Metheglins containing more than one spice should have a good balance among the different spices/herbs. There should be an appealing blend of the fruit and honey character but not necessarily an even balance. notably darker ones like Blackberries. E. red or other. whether harmoniously or by contrast.made examples of the style. Flavor Should exhibit the aroma of the fruit(s) present in the mead. metheglin Description A mead made with the addition of spices/herbs/petals. Generally a good tannin-sweetness balance is desired. Other characteristics The particular fruit(s) used may or may not impart color to the mead. and should achieve a pleasant balance when a blend of spices/herbs is used. one fruit may dominate. The spices/herbs should be expressed in the flavor as a distinctive enhancement to the honey flavor. though very dry and very sweet examples do exist. may contribute a tannin presence not unlike dark pyments F. though some spices/herbs will tend to dominate. Other characteristics The color usually won't be affected by the spices or herbs. In a melomel with a blend of fruits. Flavor The spices/herbs may be expressed in the aroma.Color would reflect the grape source. Some fruits. There should be a balanced honey character as well. melomel Description A mead made with the addition of other fruit or fruit juices. The spices/herbs should be expressed in the flavor but the honey character is still the backbone of the mead and should appear in the flavor but will vary in intensity depending on the spices/herbs used. though very dry and very sweet examples do exist. In well. . Fruit flavor contributions to the mead range from subtle acidic notes to intense. instantly recognizable fruit flavors. There should be an appealing blend of the fruit and honey character but not necessarily an even balance. whether white. the fruit is both distinctive and well-incorporated into the sugar-acid balance of the mead. Generally a good tannin-sweetness balance is desired.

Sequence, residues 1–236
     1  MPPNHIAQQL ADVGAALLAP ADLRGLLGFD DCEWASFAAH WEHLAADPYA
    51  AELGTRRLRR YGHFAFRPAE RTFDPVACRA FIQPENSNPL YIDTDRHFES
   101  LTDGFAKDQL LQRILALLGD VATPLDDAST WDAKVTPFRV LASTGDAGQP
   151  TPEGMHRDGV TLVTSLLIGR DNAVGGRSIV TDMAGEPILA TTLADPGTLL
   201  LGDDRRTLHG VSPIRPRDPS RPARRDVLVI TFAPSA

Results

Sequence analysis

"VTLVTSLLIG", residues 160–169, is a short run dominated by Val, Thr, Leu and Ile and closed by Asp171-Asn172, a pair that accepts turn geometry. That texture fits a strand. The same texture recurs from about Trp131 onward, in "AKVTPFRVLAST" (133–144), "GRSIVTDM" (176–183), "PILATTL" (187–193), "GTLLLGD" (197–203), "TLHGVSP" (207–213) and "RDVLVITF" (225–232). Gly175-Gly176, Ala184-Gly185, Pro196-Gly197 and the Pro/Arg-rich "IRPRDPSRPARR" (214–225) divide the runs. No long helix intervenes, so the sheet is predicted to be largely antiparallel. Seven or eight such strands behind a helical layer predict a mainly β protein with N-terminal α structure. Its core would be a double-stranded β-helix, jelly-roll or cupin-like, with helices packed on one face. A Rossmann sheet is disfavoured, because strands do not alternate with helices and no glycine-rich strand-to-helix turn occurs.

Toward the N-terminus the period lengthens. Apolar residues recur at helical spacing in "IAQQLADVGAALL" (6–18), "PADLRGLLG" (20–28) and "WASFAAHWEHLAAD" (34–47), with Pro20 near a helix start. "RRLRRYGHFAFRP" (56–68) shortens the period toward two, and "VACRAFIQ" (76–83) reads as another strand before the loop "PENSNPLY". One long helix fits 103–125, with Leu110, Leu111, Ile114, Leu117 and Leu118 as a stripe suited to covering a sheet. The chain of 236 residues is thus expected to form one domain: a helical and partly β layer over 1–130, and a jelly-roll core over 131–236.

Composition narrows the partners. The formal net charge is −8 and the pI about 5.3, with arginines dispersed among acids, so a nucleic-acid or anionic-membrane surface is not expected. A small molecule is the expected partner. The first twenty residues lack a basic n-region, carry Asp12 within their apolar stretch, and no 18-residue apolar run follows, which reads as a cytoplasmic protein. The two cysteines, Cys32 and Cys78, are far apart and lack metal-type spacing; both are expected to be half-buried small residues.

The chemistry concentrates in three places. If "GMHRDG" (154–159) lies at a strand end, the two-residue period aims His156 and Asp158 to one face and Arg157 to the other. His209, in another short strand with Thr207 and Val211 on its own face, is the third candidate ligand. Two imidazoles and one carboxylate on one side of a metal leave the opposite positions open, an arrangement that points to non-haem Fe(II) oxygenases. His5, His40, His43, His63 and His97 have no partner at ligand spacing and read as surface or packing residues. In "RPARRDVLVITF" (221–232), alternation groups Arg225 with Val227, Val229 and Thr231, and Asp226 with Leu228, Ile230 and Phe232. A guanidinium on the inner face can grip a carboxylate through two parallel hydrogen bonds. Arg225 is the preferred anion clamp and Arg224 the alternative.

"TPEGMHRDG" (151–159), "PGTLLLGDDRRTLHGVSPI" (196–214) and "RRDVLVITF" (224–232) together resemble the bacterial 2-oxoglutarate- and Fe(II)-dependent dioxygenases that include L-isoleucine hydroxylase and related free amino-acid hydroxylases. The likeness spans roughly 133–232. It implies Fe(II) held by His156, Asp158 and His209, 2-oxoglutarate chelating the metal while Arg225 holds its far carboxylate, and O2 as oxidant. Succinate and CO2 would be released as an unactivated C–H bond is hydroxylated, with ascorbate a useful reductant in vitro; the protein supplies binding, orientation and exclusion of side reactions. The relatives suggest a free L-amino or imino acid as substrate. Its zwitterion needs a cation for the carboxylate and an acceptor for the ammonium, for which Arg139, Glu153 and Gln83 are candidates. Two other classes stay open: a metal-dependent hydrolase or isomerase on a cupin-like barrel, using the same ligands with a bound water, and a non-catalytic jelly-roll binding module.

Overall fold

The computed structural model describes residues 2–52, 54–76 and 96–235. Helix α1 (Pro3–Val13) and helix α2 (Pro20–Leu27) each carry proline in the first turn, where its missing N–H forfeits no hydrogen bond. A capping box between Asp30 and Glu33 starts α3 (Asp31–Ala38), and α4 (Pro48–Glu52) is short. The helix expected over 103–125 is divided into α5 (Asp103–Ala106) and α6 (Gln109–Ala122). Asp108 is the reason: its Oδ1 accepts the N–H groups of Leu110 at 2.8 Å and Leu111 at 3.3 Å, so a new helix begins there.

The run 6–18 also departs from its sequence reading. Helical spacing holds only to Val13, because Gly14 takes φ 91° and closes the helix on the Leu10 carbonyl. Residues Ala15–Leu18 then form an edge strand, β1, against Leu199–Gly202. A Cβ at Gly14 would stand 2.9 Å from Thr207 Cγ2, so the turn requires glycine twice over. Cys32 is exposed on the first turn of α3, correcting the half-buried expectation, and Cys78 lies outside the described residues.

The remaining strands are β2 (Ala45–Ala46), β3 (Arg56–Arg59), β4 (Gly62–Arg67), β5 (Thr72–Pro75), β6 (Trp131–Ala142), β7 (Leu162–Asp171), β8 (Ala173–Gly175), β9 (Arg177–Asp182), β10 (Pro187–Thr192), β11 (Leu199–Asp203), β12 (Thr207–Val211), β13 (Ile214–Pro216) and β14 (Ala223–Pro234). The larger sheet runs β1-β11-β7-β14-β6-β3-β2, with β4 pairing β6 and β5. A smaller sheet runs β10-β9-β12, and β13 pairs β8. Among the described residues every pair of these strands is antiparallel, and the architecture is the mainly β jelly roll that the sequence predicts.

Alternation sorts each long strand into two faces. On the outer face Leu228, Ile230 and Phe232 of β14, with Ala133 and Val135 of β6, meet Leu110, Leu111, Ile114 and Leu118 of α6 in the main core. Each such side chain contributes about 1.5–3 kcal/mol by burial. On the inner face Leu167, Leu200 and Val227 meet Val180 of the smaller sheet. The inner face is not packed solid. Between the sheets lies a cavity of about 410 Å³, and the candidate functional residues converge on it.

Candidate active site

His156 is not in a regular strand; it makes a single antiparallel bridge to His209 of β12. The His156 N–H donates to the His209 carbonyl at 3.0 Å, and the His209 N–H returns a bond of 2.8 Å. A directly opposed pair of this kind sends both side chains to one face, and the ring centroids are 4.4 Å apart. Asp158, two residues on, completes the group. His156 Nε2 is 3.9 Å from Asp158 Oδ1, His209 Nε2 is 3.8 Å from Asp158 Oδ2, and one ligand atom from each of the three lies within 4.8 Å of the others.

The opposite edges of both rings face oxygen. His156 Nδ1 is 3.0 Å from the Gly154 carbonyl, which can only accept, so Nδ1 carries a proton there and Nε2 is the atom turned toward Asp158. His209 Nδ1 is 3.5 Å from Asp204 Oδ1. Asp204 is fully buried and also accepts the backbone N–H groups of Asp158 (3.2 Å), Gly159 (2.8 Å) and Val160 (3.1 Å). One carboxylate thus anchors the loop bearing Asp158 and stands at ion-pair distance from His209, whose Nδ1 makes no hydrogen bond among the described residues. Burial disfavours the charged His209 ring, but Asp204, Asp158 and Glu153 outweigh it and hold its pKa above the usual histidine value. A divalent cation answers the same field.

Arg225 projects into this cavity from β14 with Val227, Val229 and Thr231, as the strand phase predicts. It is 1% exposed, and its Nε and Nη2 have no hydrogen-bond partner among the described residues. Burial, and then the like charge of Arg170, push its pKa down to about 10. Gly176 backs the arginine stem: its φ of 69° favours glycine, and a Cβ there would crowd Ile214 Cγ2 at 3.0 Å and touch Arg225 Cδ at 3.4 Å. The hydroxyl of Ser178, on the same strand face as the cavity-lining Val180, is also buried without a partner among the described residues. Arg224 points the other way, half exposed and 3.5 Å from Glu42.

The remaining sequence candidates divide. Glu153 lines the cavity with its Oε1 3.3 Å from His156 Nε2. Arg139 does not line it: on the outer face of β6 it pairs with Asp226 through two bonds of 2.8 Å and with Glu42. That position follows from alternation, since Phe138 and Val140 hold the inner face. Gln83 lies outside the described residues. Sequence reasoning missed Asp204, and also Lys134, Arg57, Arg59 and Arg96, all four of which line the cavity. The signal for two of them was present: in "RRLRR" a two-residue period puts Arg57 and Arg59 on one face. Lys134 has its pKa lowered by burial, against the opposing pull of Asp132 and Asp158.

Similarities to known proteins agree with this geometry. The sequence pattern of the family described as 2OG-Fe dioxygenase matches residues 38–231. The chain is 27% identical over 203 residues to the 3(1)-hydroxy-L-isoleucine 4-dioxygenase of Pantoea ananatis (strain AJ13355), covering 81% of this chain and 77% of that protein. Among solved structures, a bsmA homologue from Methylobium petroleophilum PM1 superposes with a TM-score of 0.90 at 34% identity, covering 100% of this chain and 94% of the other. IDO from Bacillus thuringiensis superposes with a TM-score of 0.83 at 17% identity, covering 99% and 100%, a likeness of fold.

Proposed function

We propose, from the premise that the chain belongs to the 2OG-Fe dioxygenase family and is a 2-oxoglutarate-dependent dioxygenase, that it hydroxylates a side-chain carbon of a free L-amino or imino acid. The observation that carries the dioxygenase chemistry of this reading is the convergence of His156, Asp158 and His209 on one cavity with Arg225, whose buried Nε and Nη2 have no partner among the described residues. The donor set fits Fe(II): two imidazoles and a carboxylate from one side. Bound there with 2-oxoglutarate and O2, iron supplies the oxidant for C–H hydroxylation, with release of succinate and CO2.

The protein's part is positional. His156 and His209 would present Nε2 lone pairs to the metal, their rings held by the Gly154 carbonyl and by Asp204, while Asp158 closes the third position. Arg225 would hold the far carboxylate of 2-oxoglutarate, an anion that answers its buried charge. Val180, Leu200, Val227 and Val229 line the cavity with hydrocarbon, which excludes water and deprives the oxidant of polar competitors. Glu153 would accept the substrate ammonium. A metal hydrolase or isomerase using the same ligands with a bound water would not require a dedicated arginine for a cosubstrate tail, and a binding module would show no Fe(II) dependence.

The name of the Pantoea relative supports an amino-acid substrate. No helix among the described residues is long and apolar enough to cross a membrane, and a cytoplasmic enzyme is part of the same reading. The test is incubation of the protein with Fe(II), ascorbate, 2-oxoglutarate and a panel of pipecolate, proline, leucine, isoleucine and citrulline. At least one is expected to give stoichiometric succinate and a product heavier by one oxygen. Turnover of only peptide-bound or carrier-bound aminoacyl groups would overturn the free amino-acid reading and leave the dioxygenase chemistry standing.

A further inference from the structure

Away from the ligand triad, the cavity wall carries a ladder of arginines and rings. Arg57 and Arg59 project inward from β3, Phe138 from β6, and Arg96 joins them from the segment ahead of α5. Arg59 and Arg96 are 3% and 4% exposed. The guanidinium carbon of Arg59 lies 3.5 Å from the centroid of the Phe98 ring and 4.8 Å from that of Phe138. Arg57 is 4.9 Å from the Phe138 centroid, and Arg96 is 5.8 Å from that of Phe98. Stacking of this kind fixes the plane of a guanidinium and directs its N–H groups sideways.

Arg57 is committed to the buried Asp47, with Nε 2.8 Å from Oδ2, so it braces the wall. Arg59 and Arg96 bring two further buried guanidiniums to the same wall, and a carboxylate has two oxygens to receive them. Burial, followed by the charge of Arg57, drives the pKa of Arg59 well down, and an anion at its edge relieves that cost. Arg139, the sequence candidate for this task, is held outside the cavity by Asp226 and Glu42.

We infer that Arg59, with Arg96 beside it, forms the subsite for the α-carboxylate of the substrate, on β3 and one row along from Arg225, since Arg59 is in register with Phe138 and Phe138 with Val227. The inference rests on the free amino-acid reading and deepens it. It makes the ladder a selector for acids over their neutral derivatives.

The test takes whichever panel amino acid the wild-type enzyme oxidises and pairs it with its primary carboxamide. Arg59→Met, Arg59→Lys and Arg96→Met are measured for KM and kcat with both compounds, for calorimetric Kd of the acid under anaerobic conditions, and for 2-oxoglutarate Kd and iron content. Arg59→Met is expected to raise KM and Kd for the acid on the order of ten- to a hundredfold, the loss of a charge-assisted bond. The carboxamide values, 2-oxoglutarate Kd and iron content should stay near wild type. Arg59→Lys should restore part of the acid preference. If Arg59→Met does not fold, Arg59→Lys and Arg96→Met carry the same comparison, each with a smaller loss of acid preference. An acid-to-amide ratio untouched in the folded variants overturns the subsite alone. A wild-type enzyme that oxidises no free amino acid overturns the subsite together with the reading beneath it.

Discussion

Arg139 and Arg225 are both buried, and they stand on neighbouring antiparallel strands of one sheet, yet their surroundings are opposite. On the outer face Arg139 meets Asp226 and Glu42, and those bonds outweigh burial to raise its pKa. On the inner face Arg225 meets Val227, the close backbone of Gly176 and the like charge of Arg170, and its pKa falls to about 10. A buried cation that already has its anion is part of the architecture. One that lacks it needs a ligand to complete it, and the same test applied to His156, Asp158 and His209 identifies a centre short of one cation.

. Malt character ranges from light pale malt-type flavors to rich caramel flavors. Hop bitterness and flavor may be present but are not required. Flavor Aroma. There should be some balance between the beer aspect and the mead aspect of a braggot. meads can be: q sparkling or still. Other characteristics Straw to dark brown depending on the type of malt and honey used. depending on the malt used. mixed category Description A mead that combines ingredients from two or more of the other mead sub-categories. and alternatively. otherwise the beverage is a specialty beer with the addition of honey. flavor and other characteristics may vary and be combinations of the respective elements of the various sub-categories used in this style. and should show a good blending or balance between the various flavor elements. The fermentable sugars should come from a balance of malt and honey.G. Hopped examples of this style should exhibit the hops distinctly and should have at least 15 IBUs. especially with regard to maltiness and bitterness versus honey character. Other characteristics This mead should exhibit the character of all of the ingredients in varying degrees. a mixture of mead and ale. Other properties In each of these categories. Some head retention is expected. appearance. H. Flavor Aroma of both honey and malt should be apparent and in balance. braggot Description Meads made with both honey and malt providing flavor and fermentable extract. Originally.